Summary: Joseph was not afraid to take the lead in his family, and opened his heart and his home to the Son of God.
Joseph was a dreamer. This was true of the Old Testament Joseph, the son of Jacob, derogatively referred to as “this dreamer” (Genesis 37:19). It was also true of the New Testament Joseph, recognised here as “the son of David” (Matthew 1:20).
Joseph Ben-Jacob’s dream got him into trouble through the young man’s seeming arrogance. But the fulfilment of his dream saved many lives internationally, and changed the history of Israel. Joseph Ben-David’s dream helped him find the path of duty, and his obedience helped change the salvation history of the world.
Joseph the betrothed of Mary found himself in a dilemma when his intended was found to be with child by the Holy Ghost (Matthew 1:18). To break off the engagement and put Mary to public shame was an intolerable idea. Yet, on the appearance of things, Joseph could not marry Mary (1 Thessalonians 5:22).
So being a gentle and considerate man, endowed like all true believers with the righteousness which comes from God (Matthew 1:19), Joseph did nothing that he might regret afterwards (Isaiah 28:16). Joseph no doubt acted as all believers should, praying things over until the path of duty became clear. The answer came through an angelic appearance in a dream (Matthew 1:20).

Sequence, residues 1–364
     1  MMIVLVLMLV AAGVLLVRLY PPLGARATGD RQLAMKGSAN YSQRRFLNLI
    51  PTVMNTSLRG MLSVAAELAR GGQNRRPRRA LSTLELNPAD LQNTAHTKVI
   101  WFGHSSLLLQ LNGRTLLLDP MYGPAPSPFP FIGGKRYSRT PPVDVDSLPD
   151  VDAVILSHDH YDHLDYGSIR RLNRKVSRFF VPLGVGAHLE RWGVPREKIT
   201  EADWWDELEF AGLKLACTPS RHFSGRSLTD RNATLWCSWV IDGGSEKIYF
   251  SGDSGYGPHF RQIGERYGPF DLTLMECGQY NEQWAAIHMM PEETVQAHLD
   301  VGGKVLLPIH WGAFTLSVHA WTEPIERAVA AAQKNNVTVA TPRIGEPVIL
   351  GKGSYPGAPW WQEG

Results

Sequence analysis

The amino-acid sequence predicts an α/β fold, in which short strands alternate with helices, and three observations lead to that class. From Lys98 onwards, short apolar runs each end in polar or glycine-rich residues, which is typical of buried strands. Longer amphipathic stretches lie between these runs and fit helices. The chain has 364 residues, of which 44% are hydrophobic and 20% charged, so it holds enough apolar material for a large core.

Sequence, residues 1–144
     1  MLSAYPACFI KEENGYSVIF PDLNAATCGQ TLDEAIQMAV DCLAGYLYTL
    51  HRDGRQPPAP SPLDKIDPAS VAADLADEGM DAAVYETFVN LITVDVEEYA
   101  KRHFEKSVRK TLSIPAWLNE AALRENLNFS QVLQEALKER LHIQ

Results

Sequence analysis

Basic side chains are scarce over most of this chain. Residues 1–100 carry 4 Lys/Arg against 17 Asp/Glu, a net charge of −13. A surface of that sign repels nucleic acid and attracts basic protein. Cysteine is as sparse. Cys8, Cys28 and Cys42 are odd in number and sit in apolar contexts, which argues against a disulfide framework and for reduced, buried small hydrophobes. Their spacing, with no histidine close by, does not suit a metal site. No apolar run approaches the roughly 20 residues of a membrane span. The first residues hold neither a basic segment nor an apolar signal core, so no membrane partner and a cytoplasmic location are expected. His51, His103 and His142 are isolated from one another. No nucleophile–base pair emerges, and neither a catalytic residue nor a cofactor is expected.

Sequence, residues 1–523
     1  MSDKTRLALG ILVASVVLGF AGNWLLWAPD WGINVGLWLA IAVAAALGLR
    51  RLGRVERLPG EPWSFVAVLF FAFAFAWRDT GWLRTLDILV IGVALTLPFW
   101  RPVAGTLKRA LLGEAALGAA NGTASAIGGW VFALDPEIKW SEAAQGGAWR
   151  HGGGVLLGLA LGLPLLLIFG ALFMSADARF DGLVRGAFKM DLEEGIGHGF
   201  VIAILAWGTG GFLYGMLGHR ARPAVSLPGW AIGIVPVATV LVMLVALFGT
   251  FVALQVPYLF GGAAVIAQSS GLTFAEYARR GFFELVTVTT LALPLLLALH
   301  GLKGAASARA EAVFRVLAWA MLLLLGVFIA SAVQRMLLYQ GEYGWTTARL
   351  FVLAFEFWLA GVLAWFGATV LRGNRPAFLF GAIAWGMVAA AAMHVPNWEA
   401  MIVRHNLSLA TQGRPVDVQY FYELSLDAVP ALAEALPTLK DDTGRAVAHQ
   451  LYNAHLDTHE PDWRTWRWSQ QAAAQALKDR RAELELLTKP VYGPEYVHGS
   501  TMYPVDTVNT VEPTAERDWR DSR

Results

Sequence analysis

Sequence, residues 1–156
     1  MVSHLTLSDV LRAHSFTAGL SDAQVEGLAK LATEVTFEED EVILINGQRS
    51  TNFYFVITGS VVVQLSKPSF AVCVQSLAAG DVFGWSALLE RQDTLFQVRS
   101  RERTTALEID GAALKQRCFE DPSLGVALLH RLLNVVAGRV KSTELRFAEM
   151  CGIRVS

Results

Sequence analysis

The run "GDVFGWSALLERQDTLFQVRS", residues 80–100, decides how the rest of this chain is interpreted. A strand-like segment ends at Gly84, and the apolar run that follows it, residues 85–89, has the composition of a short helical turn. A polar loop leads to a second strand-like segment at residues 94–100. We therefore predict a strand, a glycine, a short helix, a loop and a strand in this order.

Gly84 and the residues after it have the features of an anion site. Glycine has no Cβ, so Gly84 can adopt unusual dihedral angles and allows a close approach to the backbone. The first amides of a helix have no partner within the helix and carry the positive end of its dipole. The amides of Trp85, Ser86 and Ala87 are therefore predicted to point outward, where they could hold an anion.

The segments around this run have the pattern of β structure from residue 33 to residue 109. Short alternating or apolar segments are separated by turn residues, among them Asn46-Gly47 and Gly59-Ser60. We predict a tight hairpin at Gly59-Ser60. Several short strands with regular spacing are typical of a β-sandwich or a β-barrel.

Sometimes when we are having a restless night whilst waiting for an answer from the Lord, we are like the night-watchmen who long for the morning shift to relieve them (Psalm 130:6). We long to sing “Morning has broken”, but are uncertain what the day might hold. At such times we might turn over just one more time, and suddenly be awakened by a moment of lucidity which puts everything into its divine perspective.
It was while Joseph was turning things over in his troubled mind that he received the angelic visitation. Although this was a dream (Matthew 1:20), a vision of the night (Job 20:8), it was no nebulous apparition. The angel was substantial, a tangible reality, with a message from God.
Joseph was instructed to put aside his fears and, as the son of David, to operate in faith (Matthew 1:20). What he was then told was remarkable, but confirmed what Mary had also been told by the angel (Luke 1:35): the child was conceived by the Holy Ghost. Mary would bring forth a son and call His name Jesus (the same name as Joshua, which means Saviour) because He was sent to save His people from their sins (Matthew 1:21).
Matthew then adds one of his trademark quotations from the Old Testament Scriptures (Matthew 1:22-23). As we will often find throughout Matthew’s Gospel, the applications which he makes are somewhat surprising, adding a new dimension to the fulfilment of the prophecies. The young woman who would bear a son called Immanuel, God with us (Isaiah 7:14), was not ultimately the queen bearing Hezekiah (2 Kings 18:7), nor yet Zion bearing the remnant, but Mary bearing Jesus the Saviour.
When Joseph was aroused from sleep (Matthew 1:24) he had a choice, as we have a choice today: believe it, or believe it not. Since Joseph was a believer, he put his faith into action (James 2:18) and, oblivious now to the potential for gossip or stigma, obeyed the angel’s message and married Mary. If we love Jesus, we will keep His commandments (John 14:15), no matter how painful to the flesh they may seem.